The Canadian Dairy Commission announced another price hike for milk is coming this fall, a rare second increase in the calendar year.
Wholesale milk will go up by 2.5 per cent on Sept. 1 in a move the commission says is intended to partially offset the impacts of inflation on dairy farmers.
Canadian milk and butter saw their biggest price jumps ever earlier this year, with wholesale milk going up 8.4 per cent and butter 12.4 per cent in February.
The dairy commission, a federal crown corporation that sets the price for dairy at the farm level, normally raises prices by a per cent or two once a year.
This year, the Dairy Farmers of Canada requested a second price hike due to rising costs of fuel, fertilizer and feed associated with inflation.
This comes as the cost of groceries continues to rise as part of Canada’s breakaway inflation problem. In April, inflation was 6.8 per cent year over year, with groceries at almost 10 per cent — the largest increase since September 1981. May’s inflation data is expected to come out this week.
The dairy commission has been under scrutiny recently for its role in Canada’s supply management system for dairy. Critics say its decision-making process for how it sets dairy prices is not transparent enough. Consultations are not public, and even the groups that are consulted — such as processors, retailers and restaurants — say they don’t know what kind of increase is in store until it’s announced.
Retail Council spokesperson Michelle Wasylyshen said the association has concerns about how the commission determines price increases, and has been asking for transparency to the system.
She said the council understands that input costs for farmers are increasing, but argued many of those costs — including gas — are expected to be temporary.
That’s why the Retail Council is asking for the dairy commission to consider a temporary price adjustment instead, so consumers aren’t stuck with the bill when inflation cools down.
“What we’re saying is that if they are temporary in nature, then they should not be permanently embedded into the price of milk,” said Wasylyshen.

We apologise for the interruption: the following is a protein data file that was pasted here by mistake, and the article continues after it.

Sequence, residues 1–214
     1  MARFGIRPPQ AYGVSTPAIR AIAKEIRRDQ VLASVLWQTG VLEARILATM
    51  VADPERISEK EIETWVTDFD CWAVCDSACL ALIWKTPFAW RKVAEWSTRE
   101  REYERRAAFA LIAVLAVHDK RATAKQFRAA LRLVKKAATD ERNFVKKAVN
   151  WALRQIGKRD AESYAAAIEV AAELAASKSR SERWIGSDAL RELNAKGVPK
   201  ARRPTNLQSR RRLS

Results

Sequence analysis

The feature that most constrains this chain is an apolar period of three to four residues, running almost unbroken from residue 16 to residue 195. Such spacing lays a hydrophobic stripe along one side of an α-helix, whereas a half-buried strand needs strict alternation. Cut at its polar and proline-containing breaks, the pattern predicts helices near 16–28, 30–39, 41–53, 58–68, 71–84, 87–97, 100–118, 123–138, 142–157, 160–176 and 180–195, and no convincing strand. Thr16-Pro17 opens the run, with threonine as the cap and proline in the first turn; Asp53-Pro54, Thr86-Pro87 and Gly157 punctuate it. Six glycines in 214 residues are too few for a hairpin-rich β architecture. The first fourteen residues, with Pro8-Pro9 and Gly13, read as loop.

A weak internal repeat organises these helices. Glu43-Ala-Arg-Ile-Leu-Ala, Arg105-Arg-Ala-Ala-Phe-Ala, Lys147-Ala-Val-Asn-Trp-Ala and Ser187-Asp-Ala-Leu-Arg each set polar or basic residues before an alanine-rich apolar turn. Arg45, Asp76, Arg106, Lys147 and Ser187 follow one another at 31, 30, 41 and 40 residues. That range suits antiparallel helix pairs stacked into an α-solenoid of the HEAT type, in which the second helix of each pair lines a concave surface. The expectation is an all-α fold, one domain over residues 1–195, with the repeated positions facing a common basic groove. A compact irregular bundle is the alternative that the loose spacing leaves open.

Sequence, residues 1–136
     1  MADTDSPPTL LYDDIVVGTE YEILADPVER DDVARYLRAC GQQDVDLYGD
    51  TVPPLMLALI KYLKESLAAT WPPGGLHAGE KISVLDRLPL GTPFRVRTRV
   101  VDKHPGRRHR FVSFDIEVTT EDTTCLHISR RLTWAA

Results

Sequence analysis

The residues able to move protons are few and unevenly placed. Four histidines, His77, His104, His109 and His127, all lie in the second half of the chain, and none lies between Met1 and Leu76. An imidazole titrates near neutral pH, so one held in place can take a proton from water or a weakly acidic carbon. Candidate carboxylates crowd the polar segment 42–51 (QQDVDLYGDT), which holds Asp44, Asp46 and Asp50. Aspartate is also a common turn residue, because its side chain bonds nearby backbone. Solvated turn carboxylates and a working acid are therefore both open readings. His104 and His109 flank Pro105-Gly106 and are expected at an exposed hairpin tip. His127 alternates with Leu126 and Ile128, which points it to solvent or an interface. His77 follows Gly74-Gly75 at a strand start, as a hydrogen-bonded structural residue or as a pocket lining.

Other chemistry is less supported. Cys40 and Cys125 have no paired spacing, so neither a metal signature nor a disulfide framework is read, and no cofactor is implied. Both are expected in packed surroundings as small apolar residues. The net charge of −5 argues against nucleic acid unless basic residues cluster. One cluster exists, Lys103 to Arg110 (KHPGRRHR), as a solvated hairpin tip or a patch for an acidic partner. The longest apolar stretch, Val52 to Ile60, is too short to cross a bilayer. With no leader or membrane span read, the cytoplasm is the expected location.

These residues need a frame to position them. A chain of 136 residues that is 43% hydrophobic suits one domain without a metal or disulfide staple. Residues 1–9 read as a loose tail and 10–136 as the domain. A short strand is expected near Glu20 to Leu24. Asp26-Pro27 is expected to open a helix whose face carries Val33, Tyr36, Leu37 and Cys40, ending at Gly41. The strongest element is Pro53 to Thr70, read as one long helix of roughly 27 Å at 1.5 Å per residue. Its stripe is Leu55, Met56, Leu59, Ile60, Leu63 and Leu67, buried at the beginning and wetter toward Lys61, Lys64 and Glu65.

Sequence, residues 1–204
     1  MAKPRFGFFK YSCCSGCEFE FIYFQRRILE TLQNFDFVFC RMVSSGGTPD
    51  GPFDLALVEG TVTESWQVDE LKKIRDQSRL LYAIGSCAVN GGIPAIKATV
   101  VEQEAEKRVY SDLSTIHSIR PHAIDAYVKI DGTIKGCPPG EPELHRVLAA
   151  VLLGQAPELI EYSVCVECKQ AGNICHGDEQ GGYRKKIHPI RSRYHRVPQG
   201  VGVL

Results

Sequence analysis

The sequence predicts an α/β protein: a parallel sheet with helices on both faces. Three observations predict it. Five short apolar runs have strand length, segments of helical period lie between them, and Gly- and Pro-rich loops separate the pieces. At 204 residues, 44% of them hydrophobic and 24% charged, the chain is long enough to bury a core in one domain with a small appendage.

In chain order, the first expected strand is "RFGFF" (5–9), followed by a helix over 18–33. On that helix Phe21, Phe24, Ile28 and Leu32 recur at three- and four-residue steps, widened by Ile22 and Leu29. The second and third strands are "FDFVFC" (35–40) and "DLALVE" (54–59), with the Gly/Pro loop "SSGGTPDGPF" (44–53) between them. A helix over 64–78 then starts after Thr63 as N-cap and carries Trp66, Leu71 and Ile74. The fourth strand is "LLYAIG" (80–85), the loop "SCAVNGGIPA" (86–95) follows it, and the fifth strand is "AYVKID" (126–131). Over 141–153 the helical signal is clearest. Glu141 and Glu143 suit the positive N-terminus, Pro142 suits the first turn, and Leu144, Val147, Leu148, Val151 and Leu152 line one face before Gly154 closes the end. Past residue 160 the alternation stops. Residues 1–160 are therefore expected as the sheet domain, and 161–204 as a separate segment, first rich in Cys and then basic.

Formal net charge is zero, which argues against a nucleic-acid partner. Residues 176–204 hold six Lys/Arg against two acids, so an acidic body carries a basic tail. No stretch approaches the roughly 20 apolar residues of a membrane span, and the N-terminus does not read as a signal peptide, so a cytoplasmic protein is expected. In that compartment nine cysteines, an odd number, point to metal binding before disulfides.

Meanwhile, dairy processors — the companies that buy dairy from the farmers and then turn it into the product you pick up at the grocery store — have said that the steep hike in dairy costs have made it difficult for them to pass price increases on to the retailers.
Mathieu Frigon, president and CEO of the Dairy Processors Association of Canada, said the increasing cost of buying milk from farmers as well as energy, packaging, labour and transportation are factoring into business decisions by the processors.
“As is the case with most Canadian businesses, dairy processors’ operating costs, beyond just the farmgate price of milk, have significantly increased over the past year,” he said in an emailed statement.
That means processors will be forced to either increase their prices to cover these additional costs, or incur significant losses, said Frigon.
“In the current inflationary environment, the latter scenario is likely not sustainable,” he said.
The relationship between processors and retailers has been strained due to price negotiations for a number of years, said Frigon, which is why the dairy processors association has been advocating for a grocery code of conduct to ensure the needs of every part of the supply chain are considered when price decisions are made.
“In the end, our goal is to ensure that Canadian dairy processors are able to provide Canadians with the dairy products that they want and at a reasonable price,” he said.
A dairy commission news release said feed, energy, and fertilizer costs have gone up 22 per cent, 55 per cent and 45 per cent respectively since August 2021.
In a news release earlier this year, the Dairy Farmers of Canada said that “exceptional circumstances require a mid-year adjustment to alleviate this gap.” It called the process “entirely open and transparent.”
Though nobody is disputing that inflation is high across all industries right now, some critics are concerned that once prices cool down, Canadians will be left with unnecessarily expensive dairy products — unlike in the U.S., for example, where the price is market-driven, prices rarely go down in a supply-managed system.
With files from The Canadian Press
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